In this month’s iOS / iPad / iPhone music production app roundup, we look at a percussion instrument called Impaktor, an update to Propellerhead’s Figure, an effect processor called Glitch 1, and a new sampling interface with BeatSpiral.
Impaktor Drum Synthesizer
Impaktor from iOS developer BeepStreet is without a doubt the most exciting music app we’ve seen this month. It’s a percussion synthesizer that turns any physical surface into a playable instrument. To understand what this really means, watch the above video to see how a table and an iPhone can be used to create incredibly dynamic sounds. BeepStreet explains, “The real acoustical impulses from the built-in microphone are used as an excitation source for advanced sound modules that simulate the behavior of membranes, cymbals, metallophones or strings. This makes Impaktor a highly responsive and expressive instrument. With semi-modular architecture and several types of synthesis, Impaktor can produce a wide range of tones, from acoustic sounds like tabla, djembe, marimba, cymbals or metal bars to electronic or industrial sounds.” We have to applaud BeepStreet for expanding the sonic capabilities of your iOS device, and we recommend trying it out for $4.99 on the app store.
Propellerhead Figure 1.2
With the 1.2 update of their fantastic audio application Figure, Propellerhead have added some great new features. While the application’s main appeal is still its simplicity, features such as audio copy/paste and support for Korg’s Wireless Sync-Start Technology (WIST), Figure is becoming more of a professional music creation tool. In addition to the back-end updates, the company has also added a grid to the performance section of the instruments and a new atonal/chromatic scale mode for complex melodies. For 99 cents it’s still one of the best values for fast inspiration via its simple and effective interface. For a deeper look into Figure’s new capabilities, check out Mark Settle‘s article at DJWorx (also the source of the above photo).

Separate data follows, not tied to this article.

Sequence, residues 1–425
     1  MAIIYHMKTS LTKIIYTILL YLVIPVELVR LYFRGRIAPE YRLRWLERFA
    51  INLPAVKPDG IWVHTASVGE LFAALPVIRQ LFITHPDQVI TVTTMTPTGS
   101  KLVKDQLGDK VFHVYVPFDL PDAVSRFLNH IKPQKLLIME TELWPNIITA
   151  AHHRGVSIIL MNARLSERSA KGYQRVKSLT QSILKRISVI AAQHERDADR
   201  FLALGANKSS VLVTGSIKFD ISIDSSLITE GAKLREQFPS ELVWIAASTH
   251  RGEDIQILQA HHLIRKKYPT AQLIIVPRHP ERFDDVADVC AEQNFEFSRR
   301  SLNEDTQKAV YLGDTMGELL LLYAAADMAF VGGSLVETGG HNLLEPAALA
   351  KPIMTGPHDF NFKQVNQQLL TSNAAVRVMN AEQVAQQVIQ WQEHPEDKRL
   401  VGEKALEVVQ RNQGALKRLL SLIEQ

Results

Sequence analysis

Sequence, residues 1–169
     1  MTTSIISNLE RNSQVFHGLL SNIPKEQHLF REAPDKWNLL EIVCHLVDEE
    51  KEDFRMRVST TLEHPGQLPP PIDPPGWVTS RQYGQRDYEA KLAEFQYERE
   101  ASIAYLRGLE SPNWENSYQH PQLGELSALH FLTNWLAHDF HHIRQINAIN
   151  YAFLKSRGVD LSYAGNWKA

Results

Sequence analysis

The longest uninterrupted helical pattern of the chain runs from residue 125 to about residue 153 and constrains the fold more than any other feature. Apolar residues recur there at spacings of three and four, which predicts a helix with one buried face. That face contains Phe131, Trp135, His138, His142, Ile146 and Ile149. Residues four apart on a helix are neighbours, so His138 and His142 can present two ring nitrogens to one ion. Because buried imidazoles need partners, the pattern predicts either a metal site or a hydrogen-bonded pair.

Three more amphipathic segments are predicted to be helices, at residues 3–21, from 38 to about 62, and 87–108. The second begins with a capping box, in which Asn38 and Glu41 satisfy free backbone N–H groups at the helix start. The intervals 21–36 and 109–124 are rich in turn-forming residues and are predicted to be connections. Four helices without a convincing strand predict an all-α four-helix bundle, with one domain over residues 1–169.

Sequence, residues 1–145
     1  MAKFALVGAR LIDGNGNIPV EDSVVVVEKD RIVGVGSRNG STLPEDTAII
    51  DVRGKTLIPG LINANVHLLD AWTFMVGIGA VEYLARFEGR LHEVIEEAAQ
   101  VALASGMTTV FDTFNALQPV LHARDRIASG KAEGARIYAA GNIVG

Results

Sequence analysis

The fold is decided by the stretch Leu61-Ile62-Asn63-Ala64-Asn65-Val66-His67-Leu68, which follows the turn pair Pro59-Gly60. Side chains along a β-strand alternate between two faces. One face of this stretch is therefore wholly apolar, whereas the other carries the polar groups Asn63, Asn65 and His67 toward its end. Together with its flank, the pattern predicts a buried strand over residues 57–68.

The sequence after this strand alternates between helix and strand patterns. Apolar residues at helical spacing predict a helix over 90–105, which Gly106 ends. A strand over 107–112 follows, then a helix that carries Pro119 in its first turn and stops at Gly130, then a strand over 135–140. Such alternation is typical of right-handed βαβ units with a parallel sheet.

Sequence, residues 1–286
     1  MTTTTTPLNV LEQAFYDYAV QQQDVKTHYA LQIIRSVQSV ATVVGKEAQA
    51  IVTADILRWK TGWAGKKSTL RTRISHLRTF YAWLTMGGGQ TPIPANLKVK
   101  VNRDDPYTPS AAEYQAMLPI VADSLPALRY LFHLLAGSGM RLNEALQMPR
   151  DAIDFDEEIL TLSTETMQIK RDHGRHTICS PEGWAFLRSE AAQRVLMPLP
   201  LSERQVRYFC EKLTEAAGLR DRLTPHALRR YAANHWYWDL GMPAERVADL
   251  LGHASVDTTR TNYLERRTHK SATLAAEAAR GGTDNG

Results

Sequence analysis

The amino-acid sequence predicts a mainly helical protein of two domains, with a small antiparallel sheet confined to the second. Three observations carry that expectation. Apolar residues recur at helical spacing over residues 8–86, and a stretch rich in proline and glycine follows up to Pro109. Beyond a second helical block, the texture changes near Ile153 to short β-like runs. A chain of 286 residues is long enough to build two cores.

While the music accompanying the video for BeatSpiral (above) may be less than inspiring, the interface and idea behind this new performance sampler app are very interesting. As developer Xylio explains, “BeatSpiral is designed to let you chop samples, make beats and perform with them live. You can choose from an included library or import your own.” You can work with prerecorded loops included with the app, or import your own sounds via iTunes (MP3, WAV, AIFF and M4A file formats are supported). Then you use physical gestures by way of the iPhone/iPad’s multi-touch abilities to rearrange sample slices, mute pads, edit samples, and crossfade. The app has an autosave function that maintains your latest work as well as an undo function for those less inspiring moments. Beatspiral is currently available for $1.99 at the Apple App Store.
Developer Eiji Nishidai’s new Glitch1 application is a real-time effects processor that uses six different effects modules to chop, stutter, filter, and gate an audio signal from your iOS device’s microphone or a prerecorded audio file. There are six basic effects to start with: bit crusher, delay, beat repeat, gate, tape stop, and auto pan. There are also three global effects that can be layered on top of the first effect: a limiter, a delay, and a stereo enhancer. The latest update also includes support for Sonoma Wire Works’ Audio Copy/Audio Paste. While we haven’t been able to try the app for ourselves, the audio effects in the above video sound impressive.
Readers: Have you used these, or any other iPad / iPhone music production apps that you’re fond of? Tell us what you think!
Dubspot blog editor Michael Walsh is a journalist, DJ, music producer, and Dubspot instructor. He believes in open-source ideas and advancing the evolution of music by sharing ideas that push technology in new directions. As a catalyst for of electronic music’s growth, Michael was co-founder of the Ritual Recordings house imprint, helped develop numerous club nights and events, and has curated music for corporate events with clients such as Nokia, Puma, and Betsy Johnson. Michael has been a professional DJ for over two decades and produces house and techno music under a number of aliases.